Busch said those with high-performance machines come to the region to put them to the test, and that’s one possible theory for the rise in accidents.
“The road has been promoted as a challenge, and there are people who go there looking for a challenge,” he said. “They go there with expectations, and they try to go live them out.”
But Brad Talbott, owner of the Deal’s Gap Motorcycle Resort, said the increase in accidents is simply the natural result of more traffic.
Moreover, he said the Tail is relatively safe, compared to other roads.
“For the number of folks we have, we don’t actually have that many accidents,” he said.
Johnson concurred, saying he felt safer riding on the Dragon than he felt on I-40.
“I don’t have to worry about dodging cars,” Johnson said. “I’m doing 30 to 35 mph, not 70.”
In 2008, there were no motorcycle fatalities in Deal’s Gap nor on Graham County’s Cherohala Skyway (N.C. 143), another challenging road that sees heavy traffic from motorcycles. In a sharp upturn, there have been five motorcycle deaths on those roads this year.
Four of the five were on Hellbender, with two falling in the Swain County section and two on the Graham County stretch. The fifth death this year occurred on the Cherohala Skyway.
Terry Slaughter, Graham County’s EMS director, said there is no one type of wreck that is typical.
“Some wreck in the road, some out,” Slaughter said. “Sometimes, you have to have rescue personnel to work up drags, ropes and baskets.”
It usually takes Graham County ambulances about 20 to 30 minutes to get to the accident scene, but it takes witnesses 10 to 15 minutes on top of that to find a phone at a local business to call 911. If Swain County took over EMS and rescue service in Deal’s Gap, it would take 40 to 50 minutes to make the trip from Bryson City.
Over the years, Graham County EMS has responded to motorcyclists suffering everything from minor bumps and bruises to broken necks and heart attacks.
“There’s no coverage with the motorcycle,” said Larry Hembry, interim EMS director in Graham County. “I don’t think you can get your helmet to protect you.”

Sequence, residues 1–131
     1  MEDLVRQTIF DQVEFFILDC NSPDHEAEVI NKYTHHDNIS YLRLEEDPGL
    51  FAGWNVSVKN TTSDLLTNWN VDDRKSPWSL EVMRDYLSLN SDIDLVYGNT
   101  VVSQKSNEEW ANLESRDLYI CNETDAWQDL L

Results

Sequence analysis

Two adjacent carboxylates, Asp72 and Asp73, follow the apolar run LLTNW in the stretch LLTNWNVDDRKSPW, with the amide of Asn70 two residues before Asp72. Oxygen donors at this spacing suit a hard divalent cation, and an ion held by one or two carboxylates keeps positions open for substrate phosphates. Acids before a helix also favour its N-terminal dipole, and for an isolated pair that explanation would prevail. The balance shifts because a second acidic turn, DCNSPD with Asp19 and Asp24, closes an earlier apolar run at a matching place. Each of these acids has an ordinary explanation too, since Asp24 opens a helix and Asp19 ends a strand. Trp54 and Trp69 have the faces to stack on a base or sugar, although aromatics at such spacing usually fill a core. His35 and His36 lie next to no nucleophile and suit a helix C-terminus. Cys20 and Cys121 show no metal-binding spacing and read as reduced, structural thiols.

While speed is an issue on the Skyway, the majority of accidents on Tail of the Dragon and Hellbender are a result of inexperience and inattention, according to Sergeant Chris Wood with N.C. Highway Patrol.
In the past, fatalities in the Deal’s Gap area have resulted from riders not keeping their eyes on the road or pushing too hard on the curves.
“This is a very unforgiving area regarding mistakes,” Johnson said. “You got the mountain on one side and a drop-off on the other.”
Even years of riding on a motorcycle might not be enough preparation for the Tail of the Dragon and Hellbender if a rider isn’t accustomed to the mountainous terrain.
All five killed on Hellbender and the Cherohala Skyway this year came from out of state, Sgt. Wood said.
Talbott agreed that the type of terrain is instrumental to how well a motorcyclist can ride on certain roads. Talbott learned how to ride in Western North Carolina, so he had no trouble handling two-lane curvy roads, but it’s another story with bigger roads.
“Four-lanes scare me to death,” he said.
Talbott said he commends the highway patrol for ramping up efforts to promote safety, like putting up more signs and having conversations with bikers to warn them about dangers on the road. The state has even sent a few of its motorcycle squads to Deal’s Gap on request to create a better rapport between patrol officers and riders.
For Johnson, riding a motorcycle is similar to other risky activities like mountain climbing or hiking, and there is only so much officials can do.
“You can’t make everybody safe,” Johnson said.